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The Internet of Things (IoT) is definitely a great boon and we’ll likely see a whole bunch of appliances connected to the Internet that we can control.
But there is the matter of security. With that many devices connected to the Internet, it is possible that unscrupulous elements will take advantage of it.
Symantec, a company that makes security, storage, backup and availability software, released recently a report that states that IoT devices don’t have strong security protocols and measures; this leaves consumers potentially exposed.
Symantec analyzed 50 smart home devices that are available and here’s what they found out:
- None of the devices use mutual authentication, enforce strong passwords or protect against brute-force attacks.
- Nearly 20 percent of mobile apps that control these devices do not encrypt data sent to the cloud.
- A test of 15 smart home cloud interfaces showed 10 web vulnerabilities—many of them critical—one of which could allow an attacker to remotely unlock someone’s house.
- Unsigned firmware updates for these devices could also allow attackers to take over devices completely.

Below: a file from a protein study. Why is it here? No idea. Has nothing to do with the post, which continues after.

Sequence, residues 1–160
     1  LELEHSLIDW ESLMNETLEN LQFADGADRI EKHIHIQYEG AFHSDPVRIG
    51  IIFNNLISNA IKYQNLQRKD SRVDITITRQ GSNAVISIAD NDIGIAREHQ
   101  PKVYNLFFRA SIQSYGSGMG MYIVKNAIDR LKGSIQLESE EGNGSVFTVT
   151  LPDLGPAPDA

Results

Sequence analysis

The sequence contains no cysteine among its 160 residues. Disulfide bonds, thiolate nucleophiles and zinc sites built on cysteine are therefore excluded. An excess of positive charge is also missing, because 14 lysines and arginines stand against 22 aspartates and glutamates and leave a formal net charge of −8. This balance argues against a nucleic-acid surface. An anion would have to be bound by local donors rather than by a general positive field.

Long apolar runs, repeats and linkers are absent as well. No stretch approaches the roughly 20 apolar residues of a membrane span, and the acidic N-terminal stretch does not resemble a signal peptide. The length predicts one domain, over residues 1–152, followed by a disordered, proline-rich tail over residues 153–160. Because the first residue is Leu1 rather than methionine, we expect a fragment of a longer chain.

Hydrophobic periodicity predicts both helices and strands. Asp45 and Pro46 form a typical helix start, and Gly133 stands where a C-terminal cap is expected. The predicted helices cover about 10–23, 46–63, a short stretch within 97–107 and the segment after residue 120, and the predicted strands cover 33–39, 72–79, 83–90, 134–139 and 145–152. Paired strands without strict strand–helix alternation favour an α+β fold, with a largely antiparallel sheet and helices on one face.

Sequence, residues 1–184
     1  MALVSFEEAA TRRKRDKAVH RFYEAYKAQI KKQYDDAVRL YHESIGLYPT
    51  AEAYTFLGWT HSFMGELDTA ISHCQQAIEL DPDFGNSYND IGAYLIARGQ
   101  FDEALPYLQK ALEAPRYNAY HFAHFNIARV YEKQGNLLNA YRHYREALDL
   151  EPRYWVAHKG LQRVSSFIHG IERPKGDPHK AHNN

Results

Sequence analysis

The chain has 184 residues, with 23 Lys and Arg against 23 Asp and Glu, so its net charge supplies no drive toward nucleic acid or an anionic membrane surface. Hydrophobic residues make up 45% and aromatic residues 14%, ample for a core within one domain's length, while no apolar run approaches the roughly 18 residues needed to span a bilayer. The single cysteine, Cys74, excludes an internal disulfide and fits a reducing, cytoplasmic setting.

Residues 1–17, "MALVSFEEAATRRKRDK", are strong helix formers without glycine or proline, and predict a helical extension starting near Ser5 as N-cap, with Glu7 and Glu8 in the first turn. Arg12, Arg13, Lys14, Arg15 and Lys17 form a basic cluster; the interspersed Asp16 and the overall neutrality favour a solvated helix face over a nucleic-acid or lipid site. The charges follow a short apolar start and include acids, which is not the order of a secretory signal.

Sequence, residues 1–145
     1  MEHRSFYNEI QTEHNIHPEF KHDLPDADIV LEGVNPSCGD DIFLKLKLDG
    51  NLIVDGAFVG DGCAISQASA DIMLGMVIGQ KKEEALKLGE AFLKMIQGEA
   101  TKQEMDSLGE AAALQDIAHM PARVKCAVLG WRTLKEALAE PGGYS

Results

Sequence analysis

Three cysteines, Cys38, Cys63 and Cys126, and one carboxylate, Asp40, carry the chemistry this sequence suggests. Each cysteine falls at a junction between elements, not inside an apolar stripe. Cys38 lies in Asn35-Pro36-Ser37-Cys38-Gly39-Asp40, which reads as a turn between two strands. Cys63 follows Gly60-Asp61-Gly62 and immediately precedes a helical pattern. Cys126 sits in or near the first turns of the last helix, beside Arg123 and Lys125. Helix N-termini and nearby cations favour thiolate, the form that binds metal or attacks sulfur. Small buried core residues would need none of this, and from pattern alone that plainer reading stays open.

Check out their infographic below:
The full report, which can be found here, has some valid points — some of which are worrying. IoT enabled devices suddenly locks people out of their homes, turning on, overheating, damaging appliances or even burning a house down; it’s the stuff of nightmares.
Symantec states that just like any other device that’s connected to the Internet, IoT-enabled appliances should have strong encryption methods. They also propose that all firmware or applications should be verified through a chain of trust, a series of hardware and software component validations.
Our own recommendation? How about implementing a two-step authentication that most online services use? Google, Yahoo, Microsoft use these to authenticate requests for account setting changes such as passwords and other user details. It could potentially stop hackers from accessing user accounts.
Another thing that manufacturers could do is install biometrics on web and smartphone applications that control IoT. That way, users have their password and biometric signature (a thumbprint for starters) to access their IoT enabled appliances and devices.
Hopefully these security issues will be addressed properly so that consumers can use IoT enabled devices without problems. Smart Homes Now will keep you updated on IoT security issues and more so stay tuned.